Before commenting, PLEASE read the commenting rules. It will make us both happier, you and me. Especially me.

The Worst Man on Mars [resubmit]

The author says:

This is a resubmission for ‘The Worst Man on Mars’

[original submission and comments]

Nathan says:

I like the concept of this one a lot more — there’s both humor and action in the image.

Here’s what I’d do to tweak it:

  • Reduce the size of the main astronaut a little, and the background astronauts more.
  • Move the Mars horizon further up.
  • Find a taller font (or a taller version of the font) for the title, so that the title is more discernible in the thumbnail. Ditto for the byline, which is unreadable at thumbnail and still not easily read at full size. (That’s one of the reasons for moving the horizon up — you’ll have more room for bigger letters.)
  • Reduce the beveling on the text, and instead work on contrast with the background.
  • Find better places for the pullquote and subtitle; as it is, they look like they were crammed in there as an afterthought.

Other suggestions?


  1. as a book buyer, i would want more context on that blurb – is it from a book review of this book? and isn’t HarperCollins a book publisher?

    1. I had exactly the same question. Because HarperCollins is a book publisher, it made me think that this was a made-up blurb, intended to be funny–or not. The first idea would be humorous, but the “or not” made me wonder, for a moment, if someone was trying to put something over. After all, if that’s what HarperCollins said–they’d publish it themselves, wouldn’t they?

      I ditto the font comments. I also think that the gold/yellow needs to be a bit brighter. To stand out more.

      Other comments coming later.

  2. Nathan – Thanks. Very useful. I’ll work with your suggestions and give the text more punch.

    Hitch & Ed – Maybe I should remove the HarperCollins quote. HarperCollins used to have an imprint called Authonomy and the comment comes from a manuscript review by the editor. Unfortunately they closed Authonomy shortly after reading the book. I rather like the editor’s turn of phrase but perhaps it doesn’t belong on the cover.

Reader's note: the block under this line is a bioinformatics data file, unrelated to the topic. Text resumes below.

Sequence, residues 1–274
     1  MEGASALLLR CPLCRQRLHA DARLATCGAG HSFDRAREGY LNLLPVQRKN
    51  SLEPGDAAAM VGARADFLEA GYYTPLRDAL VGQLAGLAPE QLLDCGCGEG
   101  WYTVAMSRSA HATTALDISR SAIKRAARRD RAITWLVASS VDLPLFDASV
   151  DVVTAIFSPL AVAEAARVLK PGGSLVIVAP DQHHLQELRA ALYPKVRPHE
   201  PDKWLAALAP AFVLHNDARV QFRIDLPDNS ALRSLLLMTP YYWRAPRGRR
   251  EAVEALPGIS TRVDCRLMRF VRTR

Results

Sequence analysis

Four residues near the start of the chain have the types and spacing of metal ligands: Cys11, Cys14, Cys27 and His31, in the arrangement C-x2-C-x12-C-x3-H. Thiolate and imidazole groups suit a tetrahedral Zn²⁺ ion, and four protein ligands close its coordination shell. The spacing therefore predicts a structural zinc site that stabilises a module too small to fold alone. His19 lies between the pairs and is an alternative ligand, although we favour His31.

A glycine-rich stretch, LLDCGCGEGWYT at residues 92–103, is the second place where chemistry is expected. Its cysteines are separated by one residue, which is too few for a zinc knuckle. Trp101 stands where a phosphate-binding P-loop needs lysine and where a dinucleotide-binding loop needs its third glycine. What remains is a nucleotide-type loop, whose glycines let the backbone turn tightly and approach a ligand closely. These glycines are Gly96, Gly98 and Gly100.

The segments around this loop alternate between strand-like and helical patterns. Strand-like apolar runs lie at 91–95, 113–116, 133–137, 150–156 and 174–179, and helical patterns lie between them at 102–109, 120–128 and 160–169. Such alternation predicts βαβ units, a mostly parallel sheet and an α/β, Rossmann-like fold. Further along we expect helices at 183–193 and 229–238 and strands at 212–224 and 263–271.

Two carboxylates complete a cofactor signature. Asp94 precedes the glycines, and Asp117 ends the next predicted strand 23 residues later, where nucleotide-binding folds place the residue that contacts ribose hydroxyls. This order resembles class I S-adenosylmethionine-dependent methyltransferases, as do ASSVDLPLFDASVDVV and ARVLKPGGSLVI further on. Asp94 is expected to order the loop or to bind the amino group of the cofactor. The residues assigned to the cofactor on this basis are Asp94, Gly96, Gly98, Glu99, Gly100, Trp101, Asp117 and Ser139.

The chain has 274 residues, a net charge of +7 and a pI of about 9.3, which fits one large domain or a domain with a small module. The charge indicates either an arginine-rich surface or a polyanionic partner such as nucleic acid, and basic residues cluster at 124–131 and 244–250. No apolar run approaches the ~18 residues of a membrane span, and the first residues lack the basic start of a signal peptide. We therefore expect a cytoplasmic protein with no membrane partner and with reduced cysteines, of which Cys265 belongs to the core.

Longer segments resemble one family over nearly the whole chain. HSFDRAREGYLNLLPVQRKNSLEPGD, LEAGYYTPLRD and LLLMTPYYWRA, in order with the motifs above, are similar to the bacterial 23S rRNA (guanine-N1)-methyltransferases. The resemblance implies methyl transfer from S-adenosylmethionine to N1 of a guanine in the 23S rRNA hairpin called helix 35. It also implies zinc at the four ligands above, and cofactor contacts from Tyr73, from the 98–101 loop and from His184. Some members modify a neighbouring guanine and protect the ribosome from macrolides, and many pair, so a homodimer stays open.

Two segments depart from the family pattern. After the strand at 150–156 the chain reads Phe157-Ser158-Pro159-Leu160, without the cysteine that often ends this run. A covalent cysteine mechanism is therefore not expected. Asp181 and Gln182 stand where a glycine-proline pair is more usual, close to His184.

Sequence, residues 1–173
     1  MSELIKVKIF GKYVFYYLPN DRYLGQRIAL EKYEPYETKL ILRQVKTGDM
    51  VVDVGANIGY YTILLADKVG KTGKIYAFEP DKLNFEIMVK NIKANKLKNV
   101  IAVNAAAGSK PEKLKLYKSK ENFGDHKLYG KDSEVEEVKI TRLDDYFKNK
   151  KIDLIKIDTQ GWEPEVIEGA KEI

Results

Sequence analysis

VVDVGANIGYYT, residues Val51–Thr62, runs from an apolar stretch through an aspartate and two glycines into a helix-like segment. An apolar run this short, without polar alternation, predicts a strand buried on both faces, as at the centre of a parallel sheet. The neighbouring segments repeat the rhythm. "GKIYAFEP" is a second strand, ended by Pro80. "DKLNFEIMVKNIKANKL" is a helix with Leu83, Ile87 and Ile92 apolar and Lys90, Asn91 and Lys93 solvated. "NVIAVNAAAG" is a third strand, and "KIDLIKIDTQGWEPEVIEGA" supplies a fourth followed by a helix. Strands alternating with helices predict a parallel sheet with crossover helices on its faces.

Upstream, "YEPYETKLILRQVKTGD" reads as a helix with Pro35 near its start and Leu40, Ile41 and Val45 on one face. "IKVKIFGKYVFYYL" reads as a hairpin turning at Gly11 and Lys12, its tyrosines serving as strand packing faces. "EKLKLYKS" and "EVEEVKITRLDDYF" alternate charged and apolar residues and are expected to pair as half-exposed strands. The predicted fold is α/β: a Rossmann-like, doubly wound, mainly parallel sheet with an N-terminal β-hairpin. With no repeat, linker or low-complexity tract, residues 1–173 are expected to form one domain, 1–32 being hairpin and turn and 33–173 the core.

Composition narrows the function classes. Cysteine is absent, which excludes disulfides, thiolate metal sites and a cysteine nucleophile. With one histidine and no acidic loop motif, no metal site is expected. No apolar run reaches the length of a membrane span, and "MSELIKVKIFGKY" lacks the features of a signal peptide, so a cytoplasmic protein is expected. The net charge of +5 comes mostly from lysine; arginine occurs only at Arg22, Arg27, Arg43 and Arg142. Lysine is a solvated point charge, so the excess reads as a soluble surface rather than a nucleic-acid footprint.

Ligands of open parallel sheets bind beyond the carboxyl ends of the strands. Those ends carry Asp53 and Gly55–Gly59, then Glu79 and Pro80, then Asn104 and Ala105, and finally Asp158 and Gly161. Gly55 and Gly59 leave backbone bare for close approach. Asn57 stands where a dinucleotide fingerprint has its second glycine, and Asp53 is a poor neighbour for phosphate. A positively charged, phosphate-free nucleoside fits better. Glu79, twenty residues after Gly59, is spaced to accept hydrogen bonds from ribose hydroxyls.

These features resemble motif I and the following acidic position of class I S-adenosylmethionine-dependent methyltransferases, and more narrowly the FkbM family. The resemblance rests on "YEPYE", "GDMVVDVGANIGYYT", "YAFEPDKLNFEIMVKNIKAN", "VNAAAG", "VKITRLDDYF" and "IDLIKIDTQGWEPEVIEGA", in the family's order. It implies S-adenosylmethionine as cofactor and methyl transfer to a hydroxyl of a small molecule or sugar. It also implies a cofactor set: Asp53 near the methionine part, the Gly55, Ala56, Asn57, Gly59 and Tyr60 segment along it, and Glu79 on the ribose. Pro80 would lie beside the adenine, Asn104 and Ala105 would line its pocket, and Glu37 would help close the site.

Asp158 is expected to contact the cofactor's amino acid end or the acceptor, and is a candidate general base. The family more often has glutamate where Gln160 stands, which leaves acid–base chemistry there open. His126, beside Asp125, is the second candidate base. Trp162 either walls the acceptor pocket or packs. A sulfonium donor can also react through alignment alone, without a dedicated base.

Thanks for your comments.

    1. A review from a publisher is somewhat of a grey area as to if it would be a saleable point. It sends kind of a mixed message though. they know their business but they also aren’t publishing this book.
      Since the quote wasn’t itself published the statement can’t be verified and might appear as a baseless claim. I’d leave it out because of that.

    2. Comments from editors and agents can be extremely flattering, and it’s SUPER tempting to quote them. But by convention you don’t use those comments as blurbs, because they ultimately decided to pass on it and therefore must not have thought it was THAT good. (Particularly with self-pub, you want to give the impression that you chose that route because it was the best option for your book rather than because you ran through every trad pub editor and none of them wanted it.)

    3. Given that Authonomy was the HC “open slush pile,” I would definitely not use that quote, unless you can reach out to the specific editor that said it, and get his/her permission, and then I’d tag it with his/her name. John Doe may not know who s/he is, but at least it would be attributed.

      I mostly really like this cover. I think that with some tweakage, it could be really good. Unlike RK, I don’t think that the tagline is so shopworn; it made me smile. Overall, it conveys the comedic and dark aspects pretty well (the overall cover).

      I’m tempted to echo Blue’s comment, and say that a horrified, “oops” looking face, in the guy’s suit, might work, but, if you can’t do that or have it done, I think it’s okay as-is. We sometimes forget here that we’re critiquing click-bait–not the actual story. 🙂

      The title font, as I said before, needs….something. It needs more pop, and I dislike that font. Your byline absolutely has to be redone. The other fonts, to me, are fine. Not amazing, but fine.

      If you need some help with new font-ing, just reply here and I’ll be happy to spend a few minutes rummaging through my stockpiles, see if I can spot something that might work for you.

      1. “If you need some help with new font-ing, just reply here and I’ll be happy to spend a few minutes rummaging through my stockpiles, see if I can spot something that might work for you.” – Ooh, yes please. That would be much appreciated, Hitch. I’ve discovered that the font-selecting part of my brain doesn’t work properly.

        Thanks for the comments. I’m feeling a bit more confident about this one.

        1. Hi, Corben: